Please note that there is a strict dress code at the venue. Full details can be seen below.
Canada is a formidable energy power. We enjoy the status of having the world’s third-largest reserves of oil and we are the fifth-largest producer of natural gas. Despite these advantages, Canada is not able to get our energy exports to global markets, including the Indo-Pacific and Europe.
Canadians understand the importance of natural resources to the national economy. Yet Canadian policy makers and commentators often forget the geo-political significance of our energy supplies.
In the Indo-Pacific, countries like Japan and Taiwan often rely on Middle East exports that must travel through international straits with possible chokepoints, such as Hormuz and Malacca. And, given Iran’s increasingly aggressive behaviour, security concerns over Mideast oil will likely only increase in the years ahead. Meanwhile, our European allies are in danger of becoming dependent on gas supplies from Putin’s Russia – a country that has not been shy about shutting off supplies or inflating prices, overnight and at whim, to affect political and economic change in neighbouring countries.
Canada has an opportunity to be a safe and reliable source of oil and gas for our key friends and allies around the world. By building pipelines and expanding oil and gas exports, Canadians can secure their own prosperity and help their allies overseas.
To shed light on these issues, MLI is hosting a panel event that will bring together leading thinkers to discuss the geopolitics of energy and how Canada can build its energy advantage.
Location: Rideau Club, 99 Bank Street, 15th floor
Date: Tuesday, February 18, 2020
- Lunch and registration start at 11:30 am
- Program begins at 12:00 pm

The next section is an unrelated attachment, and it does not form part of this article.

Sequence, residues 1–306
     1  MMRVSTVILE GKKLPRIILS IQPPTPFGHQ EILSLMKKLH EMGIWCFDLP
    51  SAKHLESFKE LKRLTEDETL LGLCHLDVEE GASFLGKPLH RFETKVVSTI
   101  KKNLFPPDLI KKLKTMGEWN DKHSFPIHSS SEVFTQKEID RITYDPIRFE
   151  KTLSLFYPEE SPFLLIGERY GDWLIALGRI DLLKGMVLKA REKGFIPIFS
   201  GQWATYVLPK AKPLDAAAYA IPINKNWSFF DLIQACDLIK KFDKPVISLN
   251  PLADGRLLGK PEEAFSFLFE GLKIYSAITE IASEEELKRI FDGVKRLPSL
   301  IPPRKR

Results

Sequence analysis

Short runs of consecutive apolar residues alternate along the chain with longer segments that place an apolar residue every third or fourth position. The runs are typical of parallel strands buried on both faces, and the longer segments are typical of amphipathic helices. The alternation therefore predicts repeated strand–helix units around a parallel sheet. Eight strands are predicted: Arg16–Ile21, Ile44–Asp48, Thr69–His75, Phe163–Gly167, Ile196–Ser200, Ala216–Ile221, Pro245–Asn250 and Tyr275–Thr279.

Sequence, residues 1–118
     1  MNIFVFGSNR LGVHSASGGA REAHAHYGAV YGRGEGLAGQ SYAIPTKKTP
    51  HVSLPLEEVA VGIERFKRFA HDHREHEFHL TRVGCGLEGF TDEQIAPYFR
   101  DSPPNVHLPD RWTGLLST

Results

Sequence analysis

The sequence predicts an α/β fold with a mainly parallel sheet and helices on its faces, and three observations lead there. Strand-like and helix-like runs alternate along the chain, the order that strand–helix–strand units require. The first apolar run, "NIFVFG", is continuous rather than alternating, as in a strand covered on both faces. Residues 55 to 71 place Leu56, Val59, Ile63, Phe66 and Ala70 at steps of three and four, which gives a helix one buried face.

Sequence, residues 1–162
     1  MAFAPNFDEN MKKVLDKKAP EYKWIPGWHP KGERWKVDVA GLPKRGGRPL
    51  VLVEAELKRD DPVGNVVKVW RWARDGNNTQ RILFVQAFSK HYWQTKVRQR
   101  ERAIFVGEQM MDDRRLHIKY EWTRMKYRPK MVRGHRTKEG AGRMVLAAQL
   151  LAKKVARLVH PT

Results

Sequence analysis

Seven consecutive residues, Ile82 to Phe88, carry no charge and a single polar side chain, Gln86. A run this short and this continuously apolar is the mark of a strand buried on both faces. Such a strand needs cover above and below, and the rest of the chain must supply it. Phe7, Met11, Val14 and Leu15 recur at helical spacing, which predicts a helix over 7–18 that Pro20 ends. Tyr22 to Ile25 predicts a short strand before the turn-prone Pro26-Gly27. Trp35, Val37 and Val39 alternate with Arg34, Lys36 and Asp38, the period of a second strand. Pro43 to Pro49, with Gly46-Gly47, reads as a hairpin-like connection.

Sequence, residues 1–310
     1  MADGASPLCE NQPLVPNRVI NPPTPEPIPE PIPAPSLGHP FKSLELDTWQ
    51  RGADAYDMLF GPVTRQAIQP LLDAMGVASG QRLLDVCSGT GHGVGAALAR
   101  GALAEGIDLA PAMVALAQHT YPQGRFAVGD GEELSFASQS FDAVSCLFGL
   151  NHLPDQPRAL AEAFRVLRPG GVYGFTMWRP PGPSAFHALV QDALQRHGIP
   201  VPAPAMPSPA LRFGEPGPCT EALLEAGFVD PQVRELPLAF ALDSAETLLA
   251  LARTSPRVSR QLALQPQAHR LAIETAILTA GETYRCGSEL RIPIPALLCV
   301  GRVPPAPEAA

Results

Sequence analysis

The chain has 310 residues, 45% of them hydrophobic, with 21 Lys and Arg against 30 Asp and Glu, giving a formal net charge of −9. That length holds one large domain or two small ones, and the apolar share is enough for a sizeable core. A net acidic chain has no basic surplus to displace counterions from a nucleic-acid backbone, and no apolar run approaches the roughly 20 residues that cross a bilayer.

- Program concludes at 2:00 pm
- Lisa Raitt, Vice Chair for Global Investment Banking, CIBC
- Steve W. Laut, Executive Vice-Chairman, Canadian Natural
- Jeff Kucharski, adjunct professor at Royal Roads University and author of a forthcoming MLI paper on Canada’s potential contribution to global energy security
- Ken Coates, MLI Munk Senior Fellow and Canada Research Chair in Regional Innovation, Johnson Shoyama Graduate School of Public Policy
- Jonathan Berkshire Miller, Senior Fellow and Deputy Director, MLI’s Centre for Advancing Canada’s Interests Abroad
Dress Code: Casual Business Attire
- a. For men: smart, casual tailored trousers or pants; jacket optional but recommended; shirts with collars and sleeves and turtleneck sweaters.
- b. For women: smart, casual tailored trouser or pants; skirts; collared shirts; collarless shirts; blouses and sleeveless summer dresses.
The following clothing is not permitted anywhere in the Club:
Faded, torn or worn casual trouser/pant or any trouser/pant that sits below the natural waistline, cargo pants, t-shirt, shorts, sweatshirts, athletic shoes, opened toed shoes for men, casual sandals (ie. flip flops) for women, any apparel with slogans or commercial messages..
How can I contact the organizer with any questions?
If you have any questions, please contact Allison at firstname.lastname@example.org.